SOUTH BEND, IN - SEPTEMBER 03: B.J. Daniels #7 of the University of South Florida Bulls throws a pass against the Notre Dame Fighting Irish at Notre Dame Stadium on September 3, 2011 in South Bend, Indiana. (Photo by Jonathan Daniel/Getty Images)
USF is a classic case where stats and reality don't align. Statistically this is one of the best and most balanced teams in the conference. From what I have seen they are good but not great on offense and defense. They do some interesting things from a schematic perspective on offense. On defense they are sound at basically everything, but they don't do any one thing at an exceptional level except perhaps rushing the passer, but more on that later. The stats say that the Bulls are a quality team. But the trend line is pointing resolutely downward after back to back defeats at the hands of Pitt and UConn in which the Bulls put all of 20 points on the board, and the questions, as ever, are directed at the QB.
For roughly the last 1,000 years the USF offense has been wholly reliant on the man under center. That much is obvious in the passing game, always has been. But what's different about USF is that they rely on their Quarterbacks to carry a heavy load in the running game. The 2010 season was the first since 2005 where a quarterback wasn't either the first or second leading rusher on the team. That is quite a streak and a trend that Skip Holtz has steadily been moving away from.
The idea obviously is that for USF to reach its full potential on offense that B.J. Daniels has to become a true quarterback, whatever that means. Early in the year the plan was working just fine with Daniels posting back to back 300 yard games for the first time in his career en route to a 3-0 start. But in the last three games his QB rating has plummeted 160.7, 102.0 and 91.8 in last weeks game. Daniels hasn't thrown TD since September 24th. To me this all has a very familiar feeling to it. Afterall Daniels was struggling mightily in the lead up to the game with UC last year, he then lit up the secondary like Diwali going for 286 yards and 2 TDs on just 16 attempts. The passing game is basically hit and miss, depending on how Daniels is feeling about the world, or the sun and its position relative to the center of the galaxy or some other inane cause.
The running game however is the unquestioned strength of the Bulls offense. They are currently leading the league with 215 yards per game on the ground, the Bearcats are second with 213, no one else is within 60 yards of the leaders. There are two big differences in style and composition between the Bearcats and Bulls. UC does it with basically one man, Isaiah Pead. The Bulls divy up the carries evenly between B.J. Daniels, Darrell Scott and Demetrius Murray. The other difference is that while UC is a strict inside/outside zone team the Bulls blocking schemes are more gap orientated. And That is actually going to be the topic of this weeks film study on Thursday.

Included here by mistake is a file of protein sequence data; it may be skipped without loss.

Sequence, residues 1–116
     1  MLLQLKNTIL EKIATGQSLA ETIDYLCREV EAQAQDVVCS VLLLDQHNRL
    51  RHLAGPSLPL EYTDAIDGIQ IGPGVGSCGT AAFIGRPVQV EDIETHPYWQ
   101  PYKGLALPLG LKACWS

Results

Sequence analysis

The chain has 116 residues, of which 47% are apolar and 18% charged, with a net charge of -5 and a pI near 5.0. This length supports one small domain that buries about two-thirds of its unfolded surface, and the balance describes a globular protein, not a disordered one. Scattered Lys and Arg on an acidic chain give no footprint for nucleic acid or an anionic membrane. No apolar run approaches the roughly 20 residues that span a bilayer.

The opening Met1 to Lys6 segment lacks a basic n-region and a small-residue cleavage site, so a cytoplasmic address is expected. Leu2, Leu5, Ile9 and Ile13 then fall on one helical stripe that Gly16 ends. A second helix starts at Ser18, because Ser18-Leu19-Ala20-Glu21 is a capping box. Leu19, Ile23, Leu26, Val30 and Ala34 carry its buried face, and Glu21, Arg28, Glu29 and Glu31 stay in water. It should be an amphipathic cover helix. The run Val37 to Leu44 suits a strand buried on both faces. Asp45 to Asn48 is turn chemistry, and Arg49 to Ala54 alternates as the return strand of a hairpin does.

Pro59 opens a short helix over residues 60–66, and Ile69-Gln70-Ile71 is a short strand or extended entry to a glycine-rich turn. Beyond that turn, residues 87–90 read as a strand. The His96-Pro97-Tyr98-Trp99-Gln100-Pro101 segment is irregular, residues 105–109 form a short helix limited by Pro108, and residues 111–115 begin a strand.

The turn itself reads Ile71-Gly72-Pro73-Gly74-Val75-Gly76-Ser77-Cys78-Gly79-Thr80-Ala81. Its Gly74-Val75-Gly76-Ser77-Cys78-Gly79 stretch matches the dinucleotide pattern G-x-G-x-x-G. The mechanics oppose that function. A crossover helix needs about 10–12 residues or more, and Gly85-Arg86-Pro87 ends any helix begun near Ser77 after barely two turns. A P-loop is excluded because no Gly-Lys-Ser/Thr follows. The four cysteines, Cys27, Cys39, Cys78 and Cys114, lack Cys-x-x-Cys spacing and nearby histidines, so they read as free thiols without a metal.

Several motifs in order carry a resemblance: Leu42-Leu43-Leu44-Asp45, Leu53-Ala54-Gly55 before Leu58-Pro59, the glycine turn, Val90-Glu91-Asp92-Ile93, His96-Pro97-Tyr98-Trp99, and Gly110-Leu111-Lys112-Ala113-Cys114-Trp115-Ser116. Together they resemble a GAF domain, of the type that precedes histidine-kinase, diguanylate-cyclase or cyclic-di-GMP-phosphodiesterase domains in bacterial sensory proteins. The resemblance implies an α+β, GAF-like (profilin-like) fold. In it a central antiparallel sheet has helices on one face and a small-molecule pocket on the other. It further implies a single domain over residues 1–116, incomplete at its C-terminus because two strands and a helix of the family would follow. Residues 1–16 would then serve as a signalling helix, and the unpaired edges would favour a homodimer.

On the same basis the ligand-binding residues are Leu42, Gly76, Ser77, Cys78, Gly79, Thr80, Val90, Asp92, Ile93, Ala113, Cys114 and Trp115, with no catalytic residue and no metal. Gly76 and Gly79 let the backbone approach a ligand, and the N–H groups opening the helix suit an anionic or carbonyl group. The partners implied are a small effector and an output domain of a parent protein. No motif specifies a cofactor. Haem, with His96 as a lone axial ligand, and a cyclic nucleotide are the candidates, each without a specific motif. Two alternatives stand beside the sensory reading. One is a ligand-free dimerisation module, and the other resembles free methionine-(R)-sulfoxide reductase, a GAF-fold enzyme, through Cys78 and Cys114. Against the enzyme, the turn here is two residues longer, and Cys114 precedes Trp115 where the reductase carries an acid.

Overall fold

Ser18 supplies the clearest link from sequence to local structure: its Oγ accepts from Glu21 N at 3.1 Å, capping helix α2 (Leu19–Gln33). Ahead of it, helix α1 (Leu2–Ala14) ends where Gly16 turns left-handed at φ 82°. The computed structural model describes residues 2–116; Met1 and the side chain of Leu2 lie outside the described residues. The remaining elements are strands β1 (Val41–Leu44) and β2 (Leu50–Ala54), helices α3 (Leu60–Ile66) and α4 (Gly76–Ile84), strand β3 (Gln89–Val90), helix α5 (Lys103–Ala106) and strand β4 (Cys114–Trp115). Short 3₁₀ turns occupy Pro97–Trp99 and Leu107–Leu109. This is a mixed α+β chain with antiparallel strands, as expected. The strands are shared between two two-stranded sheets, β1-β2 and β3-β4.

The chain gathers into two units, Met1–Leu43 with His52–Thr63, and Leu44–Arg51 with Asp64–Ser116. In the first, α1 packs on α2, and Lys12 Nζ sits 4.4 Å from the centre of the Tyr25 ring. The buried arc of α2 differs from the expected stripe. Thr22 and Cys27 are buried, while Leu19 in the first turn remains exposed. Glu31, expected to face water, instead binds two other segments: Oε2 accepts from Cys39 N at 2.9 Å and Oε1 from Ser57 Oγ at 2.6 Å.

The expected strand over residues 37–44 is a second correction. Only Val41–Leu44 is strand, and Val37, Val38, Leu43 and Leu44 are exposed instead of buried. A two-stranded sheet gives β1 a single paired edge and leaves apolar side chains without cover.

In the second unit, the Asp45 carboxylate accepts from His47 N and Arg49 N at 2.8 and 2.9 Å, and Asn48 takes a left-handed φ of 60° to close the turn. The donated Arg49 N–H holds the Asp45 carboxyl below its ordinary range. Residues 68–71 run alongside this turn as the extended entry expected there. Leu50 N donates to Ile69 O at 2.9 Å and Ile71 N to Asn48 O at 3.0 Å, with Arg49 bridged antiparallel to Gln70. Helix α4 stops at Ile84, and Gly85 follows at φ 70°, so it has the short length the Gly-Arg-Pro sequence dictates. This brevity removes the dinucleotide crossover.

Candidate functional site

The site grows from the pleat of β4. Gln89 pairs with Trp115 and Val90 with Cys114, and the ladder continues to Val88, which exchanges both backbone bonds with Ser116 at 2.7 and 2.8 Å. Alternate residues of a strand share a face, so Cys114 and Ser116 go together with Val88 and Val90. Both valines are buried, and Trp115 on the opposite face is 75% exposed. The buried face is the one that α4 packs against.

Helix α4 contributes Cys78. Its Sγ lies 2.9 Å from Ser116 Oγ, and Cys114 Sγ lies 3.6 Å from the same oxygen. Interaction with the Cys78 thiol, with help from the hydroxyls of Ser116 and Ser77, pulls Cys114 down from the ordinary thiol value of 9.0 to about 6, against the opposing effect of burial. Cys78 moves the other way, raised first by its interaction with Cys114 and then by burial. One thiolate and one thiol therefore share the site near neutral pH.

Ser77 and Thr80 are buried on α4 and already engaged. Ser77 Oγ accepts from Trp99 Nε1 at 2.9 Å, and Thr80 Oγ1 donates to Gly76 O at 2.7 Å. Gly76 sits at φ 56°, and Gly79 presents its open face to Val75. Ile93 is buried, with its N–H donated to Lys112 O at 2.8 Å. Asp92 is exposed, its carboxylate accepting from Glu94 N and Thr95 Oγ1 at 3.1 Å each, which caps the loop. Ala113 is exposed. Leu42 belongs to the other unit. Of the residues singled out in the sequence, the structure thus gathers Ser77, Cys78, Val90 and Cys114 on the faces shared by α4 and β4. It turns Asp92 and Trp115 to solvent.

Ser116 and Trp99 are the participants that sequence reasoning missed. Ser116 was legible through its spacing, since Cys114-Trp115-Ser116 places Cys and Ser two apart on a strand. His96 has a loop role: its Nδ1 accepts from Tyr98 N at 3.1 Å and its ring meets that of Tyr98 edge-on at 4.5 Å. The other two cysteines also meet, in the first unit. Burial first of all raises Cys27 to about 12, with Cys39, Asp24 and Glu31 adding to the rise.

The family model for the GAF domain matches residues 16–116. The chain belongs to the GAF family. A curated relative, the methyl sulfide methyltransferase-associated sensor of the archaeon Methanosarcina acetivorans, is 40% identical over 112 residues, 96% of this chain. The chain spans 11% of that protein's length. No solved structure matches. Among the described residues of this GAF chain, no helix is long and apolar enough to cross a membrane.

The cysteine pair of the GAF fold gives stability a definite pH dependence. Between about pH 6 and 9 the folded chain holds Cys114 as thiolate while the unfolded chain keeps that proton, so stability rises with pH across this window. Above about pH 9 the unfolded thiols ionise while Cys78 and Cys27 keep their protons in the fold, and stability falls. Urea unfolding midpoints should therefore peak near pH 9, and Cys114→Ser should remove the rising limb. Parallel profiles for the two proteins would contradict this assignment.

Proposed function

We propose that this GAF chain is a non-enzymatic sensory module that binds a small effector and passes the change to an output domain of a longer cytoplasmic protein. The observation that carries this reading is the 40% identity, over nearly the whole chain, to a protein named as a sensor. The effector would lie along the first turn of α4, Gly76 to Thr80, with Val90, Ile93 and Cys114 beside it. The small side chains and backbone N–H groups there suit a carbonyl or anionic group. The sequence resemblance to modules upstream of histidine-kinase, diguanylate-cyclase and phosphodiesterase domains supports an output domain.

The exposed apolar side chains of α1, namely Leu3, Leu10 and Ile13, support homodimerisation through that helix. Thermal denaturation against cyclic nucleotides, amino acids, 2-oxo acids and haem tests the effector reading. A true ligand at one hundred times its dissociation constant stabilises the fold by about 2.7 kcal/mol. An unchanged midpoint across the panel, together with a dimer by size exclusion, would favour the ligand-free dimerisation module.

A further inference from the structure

I would be remissed to conclude a preview of the Bulls offense without mentioning two receivers Lindsey Lamar who is listed as a receiver but gets moved all over the field in the course of the game. His speed is something that must be accounted for. The other is Sterling Griffin who has twice as many catches and yards as anyone else on the team.
As I said in the intro the defense is good at everything, great at nothing. The stats bear that out 34th in scoring defense, 34th against the run, 48th against the pass, and 31st in total defense. What I see when I watch USF isn't really a great defense, but they are an opportunistic bunch. They are third in the Big East in turnovers forced with 16. There is one area where they are great, and that is up front along the defensive line. Ryne Giddins is probably the best defensive lineman on their roster, and if he isn't actually the best he is certainly the most talented.
In schematic terms the Bulls are very basic. Mark Snyder is part of the Jim Tressell coaching tree and approaches defense in much the same way. The main gaol is to prevent the big play and make the offense work the ball down the field in a very methodical way. Football to Snyder is a war of attrition.
The Bulls base defense is the 4-3 and they will seldom blitz. They might bring a linebacker here or there, but that is usually offset by a lineman dropping off into a zone. The most that I have seen USF blitz this year is 5 guys. In the back end they use a lot of cover two looks with a mixed bag of coverages underneath. The challenge for the UC line this week is completely different than against Louisville. Its about blocking the guy in front of you, not picking up the corner on an overload blitz.
Lindsey Lamar is a difference maker in special teams. He is the reigning special teams player of the year. So far this year he has been held in check, but just like on offense he has to be accounted for on every play. The Bulls kicking game is hit and miss. Maikon Bonani is the hit as the place kicker, Justin Brockhaus-Khan is the miss as the punter. Phil Steele ranks the Bulls special teams as the 99th best in the country.
The Final Word
USF is a talented team, but the inconsistency that has plagued the program for years has not been fixed yet by the Holtz staff. The way I look at this Bulls team is basically how I looked at UC last year. There is enough talent to beat almost any team on the schedule, and enough inconsistency to lose them all too.